New York

I-Team: Animal Rights Advocates Demand End to Monkey Jockeys Racing on Dogs at New York Fair

The owner of the Banana Derby says he takes care of the monkeys like family, and some people are flatly opposed to animals as entertainment

What to Know

  • Animal welfare advocates are demanding the end to a traveling show at an NY fair that features monkeys racing each other on dogs' backs
  • Critics of the show say the routine poses both physical and emotional threats to the monkeys
  • The owner of the show, called the Banana Derby, says he takes care of the monkeys like family

A popular event at a Long Island fair that features races between monkeys dressed as horse jockeys and tethered to dogs with Velcro is drawing sharp criticism from animal welfare experts who call the event "cruel and abusive" and dangerous to the animals. 

In a letter to organizers of Suffolk County's Brookhaven Fair,  the North American Primate Sanctuary Alliance (NAPSA), a consortium of groups that care for retired monkeys, asked that the Banana Derby -– a traveling show -– be canceled. The letter argues "the entire lifetime of a primate is negatively affected when they are exploited for entertainment." 

"Many people don’t know the natural behaviors of monkeys and they may think the monkey is having fun," said Erika Fleury, NAPSA program director. "But when people really learn how harmful this is to monkeys, it’s very distressing." 

The Banana Derby is just one target of NAPSA and the Humane Society of the United States (HSUS). The groups are also going after so-called "cowboy monkey" acts that include monkeys on dogs herding sheep, a popular attraction at fairs and some minor league baseball games. 

"Every primate expert says this is cruel and abusive," said Joyce Friedman, HSUS wildlife protection campaign specialist. "This is not the environment for a wild animal." 

Animal advocates cite risk of physical injury to the monkeys from an accidental collision or neck injuries from repeated, sudden acceleration by the dogs. Mental trauma is also a concern.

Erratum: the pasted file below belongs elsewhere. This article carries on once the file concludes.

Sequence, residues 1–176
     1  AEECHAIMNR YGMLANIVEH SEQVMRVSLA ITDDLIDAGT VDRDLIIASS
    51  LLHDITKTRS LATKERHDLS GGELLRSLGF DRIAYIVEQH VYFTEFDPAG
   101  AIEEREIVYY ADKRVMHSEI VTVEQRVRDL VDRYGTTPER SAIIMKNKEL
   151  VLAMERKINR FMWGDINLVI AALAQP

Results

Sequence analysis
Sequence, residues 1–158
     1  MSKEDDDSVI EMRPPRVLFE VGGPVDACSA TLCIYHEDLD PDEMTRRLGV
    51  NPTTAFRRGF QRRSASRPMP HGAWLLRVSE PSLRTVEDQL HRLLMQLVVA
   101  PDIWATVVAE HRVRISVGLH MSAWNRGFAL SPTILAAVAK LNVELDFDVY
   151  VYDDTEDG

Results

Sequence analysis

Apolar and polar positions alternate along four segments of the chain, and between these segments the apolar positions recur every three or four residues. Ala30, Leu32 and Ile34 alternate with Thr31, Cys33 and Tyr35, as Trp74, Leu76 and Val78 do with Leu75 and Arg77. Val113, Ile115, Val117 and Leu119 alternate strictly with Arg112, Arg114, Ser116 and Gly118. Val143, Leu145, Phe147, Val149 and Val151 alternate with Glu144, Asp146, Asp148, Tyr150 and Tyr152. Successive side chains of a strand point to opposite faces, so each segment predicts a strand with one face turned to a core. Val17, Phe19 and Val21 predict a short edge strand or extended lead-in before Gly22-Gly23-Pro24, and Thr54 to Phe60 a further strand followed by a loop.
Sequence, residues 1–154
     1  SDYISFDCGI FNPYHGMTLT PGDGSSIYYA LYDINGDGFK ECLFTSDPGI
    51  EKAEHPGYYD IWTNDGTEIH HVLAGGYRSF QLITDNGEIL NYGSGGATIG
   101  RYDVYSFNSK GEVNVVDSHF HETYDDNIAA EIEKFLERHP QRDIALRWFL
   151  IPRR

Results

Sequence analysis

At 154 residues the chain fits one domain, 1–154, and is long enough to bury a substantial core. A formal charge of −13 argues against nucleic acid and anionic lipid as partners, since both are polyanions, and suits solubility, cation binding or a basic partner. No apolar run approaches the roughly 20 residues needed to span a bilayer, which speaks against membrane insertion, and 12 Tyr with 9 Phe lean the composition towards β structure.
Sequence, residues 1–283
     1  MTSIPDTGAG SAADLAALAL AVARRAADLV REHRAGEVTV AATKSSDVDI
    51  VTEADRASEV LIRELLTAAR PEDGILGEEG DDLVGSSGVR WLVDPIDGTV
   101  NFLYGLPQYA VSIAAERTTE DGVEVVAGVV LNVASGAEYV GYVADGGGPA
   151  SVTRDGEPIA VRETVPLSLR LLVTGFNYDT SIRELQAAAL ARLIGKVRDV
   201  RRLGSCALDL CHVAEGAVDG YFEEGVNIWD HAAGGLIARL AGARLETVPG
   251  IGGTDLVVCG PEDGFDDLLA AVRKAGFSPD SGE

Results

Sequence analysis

"That could include depression, self-harm, self-mutilation, inability to socialize with others, extreme aggression, apathy," said Fleury. "They’re capuchin monkeys and they’re used because they are very intelligent, inquisitive beings. They’re fascinating, they’re adorable. But they suffer in captivity." 

Philip Dolci, ringmaster of the Banana Derby, is licensed by the U.S. Department of Agriculture as an animal exhibitor. He scoffs at the criticism. 

"I’ve been taking care of the monkeys for the past 13 years and never had a problem," he told NBC 4 New York.

Dolci said he cares for the monkeys like members of his family –- and that they enjoy performing. 

"The monkeys love it," he said. "Some people are fundamentally opposed to animals as entertainment and will never be happy until it’s ruined." 

Dolci is no stranger to the controversy. In 2015, officials in Lake County, Illinois, tried to ban the Banana Derby from a county fair. While the move failed, it was a harbinger of changing attitudes about using exotic animals as entertainment. 

"Large segments of the public are realizing this is unacceptable for our mere amusement and entertainment. It’s archaic," said Friedman, citing the closure of the Ringling Brothers circus as an example –- and more 130 local laws that have been passed to restrict exotic animals in performances. 

In the tri-state area, Bergen, Hudson and Passaic counties have recently banned such shows on county-owned land. 

"Surprisingly we got no pushback," said Passaic County Freeholder Theodore Best, who was a driving force in implementing the ban in his county. "Actually, it was the opposite. We got a lot of people commending us." 

The Brookhaven Fair declined comment on the Banana Derby and controversy.

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